New Jersey Property Owners Can Now Contest a Spill Lien on Their Property

New administrative guidance has been released to clearly define the Spill Act Lien and outline the procedures for property owners to contest a lien. The Spill Compensation and Control Act, N.J.S.A. 58:10-23.11F, also known as the Spill Act Lien, was put in place to compensate the State of New Jersey for any monies spent cleaning up contaminated properties. 

These liens can be levied against property owners, not only on the contaminated properties but also on any other property they own in New Jersey. Once the state has decided to move forward with the lien, the property owner(s) are notified within 30 days. If the property owner(s) would like to contest the lien, they can do so pursuant to the new procedures within 60 days from notification of the lien. 

During this process, the property owner must have specific and factual information that was not available to the State of New Jersey at the time of the issuance of the lien, along with a list of many other items of description of the property. 

The agency has the right to deny the request for lack of information, or may decide to respond to the property owners request. During that time, with all of the information available, an administrators decision will be made and is final.

PM Environmental’s New Jersey staff can guide owner(s) through the process and assist with gathering the correct and pertinent information. PM’s LSRP team specializes in NJDEP Regulatory Compliance, Operations and Maintenance, Remedial System Construction and Specialty Environmental Mechanical Services.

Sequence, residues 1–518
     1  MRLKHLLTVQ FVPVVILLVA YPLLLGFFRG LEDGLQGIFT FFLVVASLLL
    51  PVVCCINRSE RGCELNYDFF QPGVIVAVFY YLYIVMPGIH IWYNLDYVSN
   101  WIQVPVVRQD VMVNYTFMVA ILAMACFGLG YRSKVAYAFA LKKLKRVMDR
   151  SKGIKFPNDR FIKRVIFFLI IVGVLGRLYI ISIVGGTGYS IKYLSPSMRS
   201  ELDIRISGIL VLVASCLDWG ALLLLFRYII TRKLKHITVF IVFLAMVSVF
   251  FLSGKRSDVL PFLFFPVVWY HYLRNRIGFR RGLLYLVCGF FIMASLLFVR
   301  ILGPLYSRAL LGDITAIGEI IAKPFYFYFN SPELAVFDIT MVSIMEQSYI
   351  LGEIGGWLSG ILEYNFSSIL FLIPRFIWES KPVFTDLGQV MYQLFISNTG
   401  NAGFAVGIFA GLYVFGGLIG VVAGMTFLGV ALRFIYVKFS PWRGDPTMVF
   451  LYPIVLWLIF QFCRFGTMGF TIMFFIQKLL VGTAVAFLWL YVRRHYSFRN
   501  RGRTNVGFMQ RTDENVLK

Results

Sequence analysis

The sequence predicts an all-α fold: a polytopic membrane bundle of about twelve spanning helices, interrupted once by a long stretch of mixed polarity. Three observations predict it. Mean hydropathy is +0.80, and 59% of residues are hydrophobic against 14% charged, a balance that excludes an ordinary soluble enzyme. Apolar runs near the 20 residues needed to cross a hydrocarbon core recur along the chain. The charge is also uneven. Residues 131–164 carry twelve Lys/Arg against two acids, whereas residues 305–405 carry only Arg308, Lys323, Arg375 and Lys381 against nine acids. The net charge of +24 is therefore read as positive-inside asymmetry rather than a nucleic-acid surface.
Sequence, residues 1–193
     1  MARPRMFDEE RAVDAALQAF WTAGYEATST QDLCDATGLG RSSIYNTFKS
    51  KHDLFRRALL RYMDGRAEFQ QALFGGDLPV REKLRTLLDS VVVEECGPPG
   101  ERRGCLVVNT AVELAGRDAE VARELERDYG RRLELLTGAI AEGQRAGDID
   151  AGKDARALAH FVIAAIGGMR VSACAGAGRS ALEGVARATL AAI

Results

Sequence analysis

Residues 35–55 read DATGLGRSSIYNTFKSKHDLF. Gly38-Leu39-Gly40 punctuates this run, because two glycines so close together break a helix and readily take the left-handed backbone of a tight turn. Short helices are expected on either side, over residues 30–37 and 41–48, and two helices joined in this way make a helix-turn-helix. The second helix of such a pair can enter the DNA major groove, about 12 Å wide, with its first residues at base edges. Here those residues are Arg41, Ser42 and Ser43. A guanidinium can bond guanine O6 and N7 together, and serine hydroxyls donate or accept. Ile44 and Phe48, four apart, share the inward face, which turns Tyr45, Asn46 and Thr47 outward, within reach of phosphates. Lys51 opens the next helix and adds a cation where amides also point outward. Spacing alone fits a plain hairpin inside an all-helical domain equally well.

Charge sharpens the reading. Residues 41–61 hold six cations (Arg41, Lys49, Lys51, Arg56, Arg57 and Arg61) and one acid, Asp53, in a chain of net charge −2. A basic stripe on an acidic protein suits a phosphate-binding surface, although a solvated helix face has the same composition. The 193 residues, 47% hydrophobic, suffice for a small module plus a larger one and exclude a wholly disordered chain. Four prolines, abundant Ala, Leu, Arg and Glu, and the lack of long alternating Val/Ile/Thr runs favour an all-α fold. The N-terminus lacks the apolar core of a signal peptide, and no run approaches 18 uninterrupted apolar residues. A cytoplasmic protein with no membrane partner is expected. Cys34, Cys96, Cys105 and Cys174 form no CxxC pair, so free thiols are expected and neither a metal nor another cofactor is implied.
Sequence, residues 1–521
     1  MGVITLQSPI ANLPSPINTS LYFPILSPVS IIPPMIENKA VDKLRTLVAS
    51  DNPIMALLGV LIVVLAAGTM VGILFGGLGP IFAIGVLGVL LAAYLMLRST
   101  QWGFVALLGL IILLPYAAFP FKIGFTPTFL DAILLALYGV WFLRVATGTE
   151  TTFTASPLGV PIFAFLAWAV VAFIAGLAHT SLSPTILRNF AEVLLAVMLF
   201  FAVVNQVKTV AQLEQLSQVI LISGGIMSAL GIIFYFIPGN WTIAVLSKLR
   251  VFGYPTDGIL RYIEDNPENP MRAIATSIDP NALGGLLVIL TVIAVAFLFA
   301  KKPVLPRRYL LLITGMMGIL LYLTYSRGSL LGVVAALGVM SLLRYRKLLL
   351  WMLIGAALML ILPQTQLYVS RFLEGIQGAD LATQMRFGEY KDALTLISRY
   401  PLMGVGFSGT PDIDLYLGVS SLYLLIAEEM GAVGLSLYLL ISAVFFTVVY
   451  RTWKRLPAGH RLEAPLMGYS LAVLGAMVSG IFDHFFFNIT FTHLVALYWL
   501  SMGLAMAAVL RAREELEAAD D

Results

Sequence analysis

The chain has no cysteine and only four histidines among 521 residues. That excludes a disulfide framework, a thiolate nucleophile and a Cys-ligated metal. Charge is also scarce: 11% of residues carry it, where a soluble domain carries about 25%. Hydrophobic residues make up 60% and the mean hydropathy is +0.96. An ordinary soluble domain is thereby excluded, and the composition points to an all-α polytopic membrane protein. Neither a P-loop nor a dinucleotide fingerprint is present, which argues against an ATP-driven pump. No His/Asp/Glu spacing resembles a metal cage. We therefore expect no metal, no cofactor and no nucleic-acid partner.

Publication Details
Date

February 19, 2016

Tags

Related Services

A Day in the Life of Adam Patton

PM Environmental’s Vice President sits down with us to provide a glimpse into his role, as well as reflect on how he got here.   Q: Name, Title, Location  I’m Adam Patton, Vice President. I’m based out of our Lansing office but travel between our Midwest locations based on client and project needs.   Q:…

Vapor Intrusion: Just the Facts

What is Vapor Intrusion? Vapor intrusion can occur in an area where various chemicals were not properly handled or disposed of and have seeped into the ground. Some culprits can be properties that were once gas stations, dry cleaners, or businesses that used industrial degreasers. Once in the ground, these chemicals can move through the…

A Day in the Life of John Hargraves

PM Environmental’s National Manager of Economic Incentive sits down with us to provide a glimpse into his to-do list, as well as share how he got to where he is now.   Q: Name, Title, Location  John Hargraves, National Manager, Brownfield and Economic Incentives, Chattanooga, TN and work throughout the other Midsouth offices.   Q:…